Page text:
The Release of Gilad Shalit is The End of the 'Peace Process'
To redeem captives is a Jewish imperative, so the Israeli government's decision to pay Hamas ransom for kidnapped soldier Gilad Shalit is not a surprise. Although the terms haven't materially changed in a year, the timing is not a surprise either.
Shalit was captured in 2006 by Hamas while the Palestinian Authority (PA) was in control of Gaza. Following a brief, dirty civil war in 2007 Fatah was ousted, effectively splitting Palestinian leadership along geographic lines; both sides claim leadership of the whole. The US and the Quartet have courted Fatah and Abu Mazen, whose sole elected term ended in 2009. Turkey, Syria and Iran courted Hamas, the Palestinian branch of the Muslim Brotherhood. Mahmound Abbas received tens of millions of dollars, American training for the Fatah police force/nascent army, and Israeli economic cooperation and protection for the PA and its officials. Hamas, while embargoed by Mubarak's Egypt as well as Israel, received training, money and weapons from Iran, and political support from Turkey.
In 2011, Mahmound Abbas raised his stature among Palestinians by demanding UN recognition for Palestine, while Hamas suffered from a bad economy and declining support from Syria and Iran. The Egyptian revolution didn't help Hamas -- the Muslim Brotherhood emerged as a strong force, but security control is still vested in the Egyptian military, Hamas's enemy. On the other hand, Mahmound Abbas got nothing concrete in the UN while alienating the United States, Israel and the Quartet. So by trumpeting the return of 1,000 "fighters," Hamas can claim a twofold victory -- over Fatah's ineffectual performance in the international arena and over Israel. As a practical matter, since at least some of those released are going to the West Bank, Hamas can also more effectively threaten Fatah in its remaining territory.
Why would Israel agree to strengthen Hamas at the expense of Fatah? To punish Mahmoud Abbas.
The Israeli government is acknowledging widespread public disillusionment with the "peace process" and signaling its end. At the same time, it is removing Hamas's hostage -- just in case hostilities become inevitable as Hamas smuggles increasingly sophisticated weaponry into Gaza from the increasingly lawless Sinai. And just in case the Muslim Brotherhood wins the Egyptian election, giving Hamas a new ally.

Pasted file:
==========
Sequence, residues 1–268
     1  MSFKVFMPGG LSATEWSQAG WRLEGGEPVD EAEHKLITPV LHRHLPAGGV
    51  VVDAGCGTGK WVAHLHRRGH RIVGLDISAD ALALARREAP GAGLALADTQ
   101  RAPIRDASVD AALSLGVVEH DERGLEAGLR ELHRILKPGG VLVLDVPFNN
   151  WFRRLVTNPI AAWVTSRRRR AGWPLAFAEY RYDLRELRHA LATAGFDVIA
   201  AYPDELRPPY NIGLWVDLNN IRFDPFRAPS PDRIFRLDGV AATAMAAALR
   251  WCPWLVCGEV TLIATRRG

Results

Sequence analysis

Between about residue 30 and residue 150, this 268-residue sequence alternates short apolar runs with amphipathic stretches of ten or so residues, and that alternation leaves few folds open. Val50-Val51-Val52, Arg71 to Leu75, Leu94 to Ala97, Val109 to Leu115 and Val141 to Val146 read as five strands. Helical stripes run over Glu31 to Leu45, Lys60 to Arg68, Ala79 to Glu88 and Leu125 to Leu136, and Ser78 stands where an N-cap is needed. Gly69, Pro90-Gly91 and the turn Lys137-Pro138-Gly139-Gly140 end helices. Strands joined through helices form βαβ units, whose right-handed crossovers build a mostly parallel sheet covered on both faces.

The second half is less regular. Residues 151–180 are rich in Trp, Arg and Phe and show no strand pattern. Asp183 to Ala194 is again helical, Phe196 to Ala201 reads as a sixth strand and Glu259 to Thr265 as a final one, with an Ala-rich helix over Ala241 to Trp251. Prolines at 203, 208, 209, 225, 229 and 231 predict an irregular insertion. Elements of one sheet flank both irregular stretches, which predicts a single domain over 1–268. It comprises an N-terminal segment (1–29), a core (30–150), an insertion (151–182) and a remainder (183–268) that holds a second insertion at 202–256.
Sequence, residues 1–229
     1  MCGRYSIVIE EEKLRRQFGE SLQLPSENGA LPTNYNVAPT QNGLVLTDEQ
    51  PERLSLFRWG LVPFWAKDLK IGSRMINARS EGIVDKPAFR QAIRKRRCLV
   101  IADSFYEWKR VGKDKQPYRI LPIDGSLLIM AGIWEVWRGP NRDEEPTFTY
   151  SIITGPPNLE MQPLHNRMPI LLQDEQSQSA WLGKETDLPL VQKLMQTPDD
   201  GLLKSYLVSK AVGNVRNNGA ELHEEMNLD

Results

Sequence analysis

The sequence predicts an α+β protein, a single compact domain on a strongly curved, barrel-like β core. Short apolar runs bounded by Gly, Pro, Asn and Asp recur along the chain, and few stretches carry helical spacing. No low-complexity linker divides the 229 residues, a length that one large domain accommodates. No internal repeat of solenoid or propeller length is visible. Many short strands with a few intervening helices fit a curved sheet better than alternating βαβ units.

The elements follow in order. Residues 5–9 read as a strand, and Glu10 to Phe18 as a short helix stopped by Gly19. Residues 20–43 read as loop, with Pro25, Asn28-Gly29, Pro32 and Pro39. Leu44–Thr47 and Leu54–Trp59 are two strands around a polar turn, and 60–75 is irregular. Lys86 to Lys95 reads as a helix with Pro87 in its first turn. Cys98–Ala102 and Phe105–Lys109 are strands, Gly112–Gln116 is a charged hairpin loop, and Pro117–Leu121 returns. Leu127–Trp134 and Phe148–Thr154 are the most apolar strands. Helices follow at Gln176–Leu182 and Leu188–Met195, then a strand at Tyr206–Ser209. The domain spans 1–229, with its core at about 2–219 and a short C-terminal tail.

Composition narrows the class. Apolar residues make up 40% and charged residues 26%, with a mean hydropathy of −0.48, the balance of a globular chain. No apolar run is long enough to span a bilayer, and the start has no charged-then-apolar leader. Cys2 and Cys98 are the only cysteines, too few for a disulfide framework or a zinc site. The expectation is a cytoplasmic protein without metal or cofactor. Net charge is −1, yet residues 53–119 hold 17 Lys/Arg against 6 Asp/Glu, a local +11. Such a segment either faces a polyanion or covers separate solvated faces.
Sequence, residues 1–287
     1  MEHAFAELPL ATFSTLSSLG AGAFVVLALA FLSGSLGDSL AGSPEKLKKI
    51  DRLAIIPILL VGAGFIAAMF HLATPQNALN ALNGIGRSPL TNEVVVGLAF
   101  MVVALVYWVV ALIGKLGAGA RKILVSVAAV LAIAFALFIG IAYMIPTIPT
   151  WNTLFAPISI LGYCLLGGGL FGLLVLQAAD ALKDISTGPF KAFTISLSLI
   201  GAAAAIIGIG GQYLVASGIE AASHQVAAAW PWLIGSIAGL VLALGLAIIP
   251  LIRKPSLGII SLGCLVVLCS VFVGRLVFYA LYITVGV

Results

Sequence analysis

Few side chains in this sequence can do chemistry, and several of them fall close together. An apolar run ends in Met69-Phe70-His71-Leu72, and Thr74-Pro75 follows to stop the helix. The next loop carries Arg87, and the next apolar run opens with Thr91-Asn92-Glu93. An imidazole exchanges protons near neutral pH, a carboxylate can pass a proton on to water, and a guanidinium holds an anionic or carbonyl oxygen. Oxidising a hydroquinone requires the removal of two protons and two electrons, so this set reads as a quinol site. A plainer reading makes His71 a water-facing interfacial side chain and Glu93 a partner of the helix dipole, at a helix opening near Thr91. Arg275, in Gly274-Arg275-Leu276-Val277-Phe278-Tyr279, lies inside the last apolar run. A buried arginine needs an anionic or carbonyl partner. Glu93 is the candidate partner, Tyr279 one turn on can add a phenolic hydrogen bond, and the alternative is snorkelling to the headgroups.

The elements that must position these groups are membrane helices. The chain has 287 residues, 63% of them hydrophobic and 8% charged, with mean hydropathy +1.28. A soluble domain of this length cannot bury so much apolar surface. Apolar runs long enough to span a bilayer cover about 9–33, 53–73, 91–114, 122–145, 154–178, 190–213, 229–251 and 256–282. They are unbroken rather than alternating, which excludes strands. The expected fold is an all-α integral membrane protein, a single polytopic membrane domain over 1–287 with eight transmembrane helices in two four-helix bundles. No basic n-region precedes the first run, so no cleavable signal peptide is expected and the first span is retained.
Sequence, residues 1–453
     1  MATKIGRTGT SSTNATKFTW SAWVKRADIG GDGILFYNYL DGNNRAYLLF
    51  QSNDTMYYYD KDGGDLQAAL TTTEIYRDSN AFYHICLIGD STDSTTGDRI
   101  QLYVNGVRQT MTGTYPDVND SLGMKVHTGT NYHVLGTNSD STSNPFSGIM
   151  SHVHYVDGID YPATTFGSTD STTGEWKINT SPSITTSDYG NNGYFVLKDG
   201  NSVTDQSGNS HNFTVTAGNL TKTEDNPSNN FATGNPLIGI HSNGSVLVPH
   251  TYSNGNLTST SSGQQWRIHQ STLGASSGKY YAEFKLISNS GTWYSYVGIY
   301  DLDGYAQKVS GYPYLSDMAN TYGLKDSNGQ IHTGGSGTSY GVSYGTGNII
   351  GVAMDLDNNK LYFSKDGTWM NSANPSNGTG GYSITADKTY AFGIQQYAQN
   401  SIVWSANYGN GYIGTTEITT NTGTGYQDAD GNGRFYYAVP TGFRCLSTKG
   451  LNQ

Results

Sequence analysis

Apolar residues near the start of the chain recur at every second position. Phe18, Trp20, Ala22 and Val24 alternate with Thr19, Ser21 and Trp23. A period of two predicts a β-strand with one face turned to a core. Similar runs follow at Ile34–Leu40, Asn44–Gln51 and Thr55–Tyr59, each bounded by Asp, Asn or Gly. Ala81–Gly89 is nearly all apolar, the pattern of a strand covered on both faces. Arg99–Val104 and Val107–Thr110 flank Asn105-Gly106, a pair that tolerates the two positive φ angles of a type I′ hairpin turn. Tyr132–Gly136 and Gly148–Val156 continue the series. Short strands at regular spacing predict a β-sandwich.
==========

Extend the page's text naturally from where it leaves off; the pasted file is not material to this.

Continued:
Mahmound Abbas broke the last remaining promise of Oslo -- that agreement would be derived through negotiation, not unilateral action. The Obama administration begged and pleaded with him not to do it. But while the US was whining and trying to round up nine votes in the Security Council to avoid a US veto, Mahmound Abbas was requesting membership in UNESCO. Congenitally hostile to Israel, UNESCO's executive committee voted 40-4 to approve "Palestine" as a member, and a vote of the full UNESCO membership is scheduled for late October.
That was it for Israel.
The Israeli Foreign Ministry said the UNESCO move, "negated both the bilateral negotiations route and the Quartet's proposal for continuing the diplomatic process. Their actions are a negative response to Israel's and the international community's efforts to promote the peace process."
Polls show that the Israeli public, while reconciled to a Palestinian State in theory, believe that Israel's basic requirements will remain unfulfilled:
- Recognition of the Third Jewish Commonwealth -- the State of Israel -- as a permanent and legitimate part of the region and the community of nations;
- "Secure and recognized boundaries free from threats or acts of force" -- the promise of UN Resolution 242; and
- The capital of Israel within a united Jerusalem.
From that recognition comes the decision to ransom Shalit now, while the deal can be struck. Expect the Israelis to hunker down and prepare to defend what they believe they have to defend leaving no hostage in the hands of Hamas. The era of Israel's willingness to make concessions for the sake of the "peace process" is over.
Shoshana Bryen has more than 30 years experience as a defense policy analyst and has been taking American military officers and defense professionals to Israel since 1982.